Tuesday, May 5, 2015

Killdeer

Last Saturday, Erika and I visited a plant nursery in nearby Carver County. The large, dirt parking lot was a madhouse of frenzied gardeners. As we searched for a spot to park, I noticed a Killdeer running along the shoulder of the lot, and giving a classic Killdeer broken wing act. While Erika explored the nursery, I returned to the investigate the bird.
I quickly discovered the Killdeer brooding four eggs (the typical number for this species). The nest, called a scrape (since there is not much to it), was only a couple of feet from the parked cars. The Killdeer showed no fear, and even threatened me if I got too close. Both male and female Killdeer build their scape and often build more than one, much in the fashion of House Wrens that build dummy nests.  Both Killdeer sexes incubate the eggs.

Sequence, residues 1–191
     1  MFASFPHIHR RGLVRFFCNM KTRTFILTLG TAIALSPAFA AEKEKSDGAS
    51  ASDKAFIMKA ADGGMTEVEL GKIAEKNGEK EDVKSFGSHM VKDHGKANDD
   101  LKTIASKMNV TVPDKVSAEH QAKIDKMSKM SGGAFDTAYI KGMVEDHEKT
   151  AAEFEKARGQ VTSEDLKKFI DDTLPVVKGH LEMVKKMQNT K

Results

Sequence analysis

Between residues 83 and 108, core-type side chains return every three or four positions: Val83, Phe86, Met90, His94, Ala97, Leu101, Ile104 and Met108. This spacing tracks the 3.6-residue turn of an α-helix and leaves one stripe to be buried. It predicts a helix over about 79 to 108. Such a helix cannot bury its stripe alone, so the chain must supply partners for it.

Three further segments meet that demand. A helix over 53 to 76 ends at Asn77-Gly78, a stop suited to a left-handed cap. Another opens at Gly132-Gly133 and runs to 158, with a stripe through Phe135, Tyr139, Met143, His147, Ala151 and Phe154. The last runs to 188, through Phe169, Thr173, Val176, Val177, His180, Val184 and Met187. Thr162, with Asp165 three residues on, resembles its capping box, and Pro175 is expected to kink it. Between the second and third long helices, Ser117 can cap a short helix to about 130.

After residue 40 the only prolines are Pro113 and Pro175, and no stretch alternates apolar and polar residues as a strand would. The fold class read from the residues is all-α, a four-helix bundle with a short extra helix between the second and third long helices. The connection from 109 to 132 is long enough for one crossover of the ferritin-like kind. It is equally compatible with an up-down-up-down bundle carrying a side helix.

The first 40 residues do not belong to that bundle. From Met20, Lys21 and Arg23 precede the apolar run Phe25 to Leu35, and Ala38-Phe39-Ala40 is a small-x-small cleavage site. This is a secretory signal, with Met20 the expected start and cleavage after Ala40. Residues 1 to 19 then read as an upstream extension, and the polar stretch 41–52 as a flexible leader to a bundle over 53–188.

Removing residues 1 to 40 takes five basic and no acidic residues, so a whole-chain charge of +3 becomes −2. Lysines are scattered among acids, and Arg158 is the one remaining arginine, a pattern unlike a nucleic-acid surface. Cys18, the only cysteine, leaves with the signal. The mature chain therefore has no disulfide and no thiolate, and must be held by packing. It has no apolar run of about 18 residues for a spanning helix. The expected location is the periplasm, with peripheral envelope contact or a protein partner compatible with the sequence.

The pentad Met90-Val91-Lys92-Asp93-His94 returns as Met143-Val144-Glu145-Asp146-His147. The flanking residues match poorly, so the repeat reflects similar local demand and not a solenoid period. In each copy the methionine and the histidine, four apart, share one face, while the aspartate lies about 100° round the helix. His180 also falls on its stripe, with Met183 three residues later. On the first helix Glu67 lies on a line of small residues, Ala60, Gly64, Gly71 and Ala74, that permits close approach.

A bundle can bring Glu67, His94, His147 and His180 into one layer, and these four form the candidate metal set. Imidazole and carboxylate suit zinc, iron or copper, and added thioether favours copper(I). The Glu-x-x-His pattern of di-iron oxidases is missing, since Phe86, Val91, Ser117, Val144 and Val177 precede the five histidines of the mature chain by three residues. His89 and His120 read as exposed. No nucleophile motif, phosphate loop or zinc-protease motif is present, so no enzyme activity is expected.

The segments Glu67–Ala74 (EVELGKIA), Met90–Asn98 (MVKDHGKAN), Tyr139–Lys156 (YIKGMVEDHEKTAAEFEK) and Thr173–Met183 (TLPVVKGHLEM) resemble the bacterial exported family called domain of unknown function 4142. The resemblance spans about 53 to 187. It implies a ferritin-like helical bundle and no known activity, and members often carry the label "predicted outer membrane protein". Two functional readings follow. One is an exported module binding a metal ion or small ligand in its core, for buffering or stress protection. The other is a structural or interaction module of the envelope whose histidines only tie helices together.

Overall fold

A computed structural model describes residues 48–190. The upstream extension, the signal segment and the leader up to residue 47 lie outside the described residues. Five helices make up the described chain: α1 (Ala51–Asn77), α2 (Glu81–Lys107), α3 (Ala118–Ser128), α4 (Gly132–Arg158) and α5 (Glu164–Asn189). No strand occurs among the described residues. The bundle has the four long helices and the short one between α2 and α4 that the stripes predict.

Initially the scrape is a bare depression in the ground. As the season progresses, however, Killdeer  add “rocks, bits of shell, weed stems, or other material” (Jackson and Jackson 2000). These authors report that the birds often collect white objects (shells, crayfish parts, cigarette filters, gravel, plastic, plaster) or build their scrape on white ground. One nest even contained bits of human bones. Apparently the Killdeer try to create a mottled background so that their eggs are better camouflaged. By the end of incubation, the amount of white material can be substantial—nests with over 1500 pebbles have been reported, and the scrape is sometimes raised two or three centimeters (Jackson and Jackson 2000).

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